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01 March 2011

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Jose

Col. Lang can correct me, but I read in a blog that 1st Battalion is preoccupied with the Hizbollah menace to Western Civilization.

WILL

The Shia of Lebanon still have a score to settle with Qa-tha-fi over the disappearance of Musa_al-Sadr.

http://en.wikipedia.org/wiki/Musa_al-Sadr

I would bet some have made their way to the Baqr (Cyrenaica) with the latest RPG's and Resistance know-how.

smoke

Baffling that such assessment teams are not already on the ground. Could it be that SAS or some other country has taken on the task?

Among SF skill sets, are there those whose specializations include assistance in organizing civil structures - like communications and distribution?

arbogast

Is it entirely incorrect to use the Falkland Islands as an analogy? The Argentine troops were accustomed to fighting civilians. Confronted with people who shot back, they only lasted week or so.

DanM

Comment from the ground (for whatever it's worth). The civilians playing house at the courthouse here in Benghazi, by and large, would not welcome an obvious US military presence. Don't know if that really matters.

In my more limited contact with officers, I get the feeling that what Col. Lang outlines would be very much welcomed, if handled deftly. They seem very well aware that low-levels of training leave there soldiers, as of now, no match for Qaddafi's people in Tripoli and definitely would view the shabaab marching on Tripoli as lambs to the slaughter, a true children's crusade.

The one thing I wonder about US involvement is the politics. In Eastern Europe, we were the enemy of the great oppressor. Here we're often viewed as pals with the oppressor -- and as kind of weak. (I had a Libyan doctor shouting at me the other day. "You forgave Qaddafi Lockerbie for money? What's the price-tag on forgiving Bin Laden?" Was the gist of it. Incredulous and scornful).
There's a billboard not far from where I'm sitting that says something like "No foreign intervention. Libyans can do this on our own." But when you talk to soldiers and youths eager to sign up, weapons and training would be viewed as "help" and not "intervention" it seems. As each day goes on, the reality that victory won't be quick is setting in, and my guess is that calls for "help" will get louder.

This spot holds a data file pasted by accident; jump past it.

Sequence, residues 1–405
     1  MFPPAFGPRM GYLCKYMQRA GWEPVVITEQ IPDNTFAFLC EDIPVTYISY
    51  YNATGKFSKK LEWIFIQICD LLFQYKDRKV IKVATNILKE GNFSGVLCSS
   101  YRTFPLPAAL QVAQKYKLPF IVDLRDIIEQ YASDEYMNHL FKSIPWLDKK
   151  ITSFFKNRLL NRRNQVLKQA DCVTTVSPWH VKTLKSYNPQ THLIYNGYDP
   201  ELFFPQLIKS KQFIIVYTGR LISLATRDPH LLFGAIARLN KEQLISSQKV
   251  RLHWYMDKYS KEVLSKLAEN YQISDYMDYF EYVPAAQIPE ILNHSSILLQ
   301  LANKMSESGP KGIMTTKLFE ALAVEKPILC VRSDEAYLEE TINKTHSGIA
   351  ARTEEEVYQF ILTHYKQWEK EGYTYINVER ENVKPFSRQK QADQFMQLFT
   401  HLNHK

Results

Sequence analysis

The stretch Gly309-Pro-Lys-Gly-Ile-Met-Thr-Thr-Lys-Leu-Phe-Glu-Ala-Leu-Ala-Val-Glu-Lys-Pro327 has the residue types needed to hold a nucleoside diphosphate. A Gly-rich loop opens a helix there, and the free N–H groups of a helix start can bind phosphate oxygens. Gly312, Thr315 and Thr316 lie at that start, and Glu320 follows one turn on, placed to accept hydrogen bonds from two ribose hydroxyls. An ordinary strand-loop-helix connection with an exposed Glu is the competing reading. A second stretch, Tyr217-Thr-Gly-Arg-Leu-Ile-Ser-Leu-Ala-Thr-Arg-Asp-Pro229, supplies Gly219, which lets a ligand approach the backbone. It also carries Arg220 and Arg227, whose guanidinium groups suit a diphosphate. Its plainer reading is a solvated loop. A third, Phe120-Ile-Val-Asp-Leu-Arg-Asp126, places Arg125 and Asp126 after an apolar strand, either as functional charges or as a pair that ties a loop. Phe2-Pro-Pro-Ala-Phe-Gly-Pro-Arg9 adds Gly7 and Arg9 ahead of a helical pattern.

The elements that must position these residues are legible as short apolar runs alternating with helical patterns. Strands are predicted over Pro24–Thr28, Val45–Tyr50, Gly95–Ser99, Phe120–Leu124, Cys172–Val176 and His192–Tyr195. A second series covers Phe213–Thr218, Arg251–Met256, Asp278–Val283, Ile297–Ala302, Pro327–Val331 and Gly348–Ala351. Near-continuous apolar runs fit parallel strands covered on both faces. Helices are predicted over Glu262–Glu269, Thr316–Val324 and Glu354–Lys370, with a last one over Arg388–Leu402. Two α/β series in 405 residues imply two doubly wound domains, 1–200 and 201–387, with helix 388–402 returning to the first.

Dan, Benghazi

William R. Cumming

Who wrote this post?

Clifford Kiracofe

1. "The recapture of Brega came as rebel leaders in Libya called for international military intervention to help topple Gaddafi, saying they believe that people power alone may not be enough to dislodge the dictator from his last remaining strongholds."
http://www.washingtonpost.com/wp-dyn/content/article/2011/03/01/AR2011030106071.html

2. So far, it seems to me among the "Libyan" voices for non-intervention there is a UK Twitter feed seemingly by some well-intentioned youth-students: @shabablibya for example.

Some folks on the ground in Libya now seem to be taking a rather different view. One would imagine this view will become more pronounced with further counterattcks from Q's side.

UK and German special forces have already been in Libya on rescue operations as reported in the press.


3. WWII? Irregulars and UW?

The level of understanding in Congress about WWII (or even WWI) was indicated by the removal of the "French Fries" signs in Capitol Hill food service areas during the Iraq War. This was in response to the French President warning against an invasion by the US. The Neocons screamed against "the French" but naturally Richard Perle was enjoying the pool at his French second home in the Dordogne.

The WWII French Resistance? Doubtful anyone on the Hill has the slightest clue or has met a genuine member of the authentic French Resistance.

Patrick Lang

WRC

One of our regulars. He can identify himself if he wishes to do so. pl

William R. Cumming

Thanks PL!

WP

The march across the desert from the east to the west seems impossible, but that growing fleet could pick up a few thousand Libyan rebel hitchikers and drop them off at a rebel established and fleet protected beachhead in a suburb of Tripoli after a reasonablel period of hunger and deprivation in the capital. We could loan them some onboard training and give them some guns for their adventure.

It is probably better that the Libyans do their own dirty work. Perhaps MQ's mercenaries are much like the Argentine troops mentioned by Arborgast. If the mercenaries use their brains, they will just go home with their gold rather than to fight to the last.

In the end, my guess is that MQ do a Mussolini and will likely end up with the same fate.

The Twisted Genius

WRC, I, The Twisted Genius, wrote this in response to Colonel Lang's call for papers on UW in Libya.

Douglass Schmacher

Aaron and DanM,

Thank you for these insights. Please keep writing.

The Twisted Genius

smoke,

The ODA organization includes specialists in medicine, combat engineering, communications, all manner of weapons and the full range of military staff functions. The knowledge, skills and abilities inherent in an ODA can raise and lead a regimental sized force and run a small city simultaneously... in my not so humble opinion. Communications and distribution (logistics) would be well within an ODA's capabilities.

The Twisted Genius

DanM,

Your comment from the ground is worth a lot. If I were leading a team into Benghazi, I'd be looking you up within hours. Stay safe there.

William R. Cumming

Thanks TTG! I was in mutual support of 10th SFGA while stationed in S. FRG! Interesting people. Used to go down the LECH river to the Danube in the middle of the night in rafts near the Kaserne I was on. Germans on base were shocked at that rigorous approach to training.
Of course we (US) forces often call the "new NAZIs" by their draftees since we polished our boots.

DanM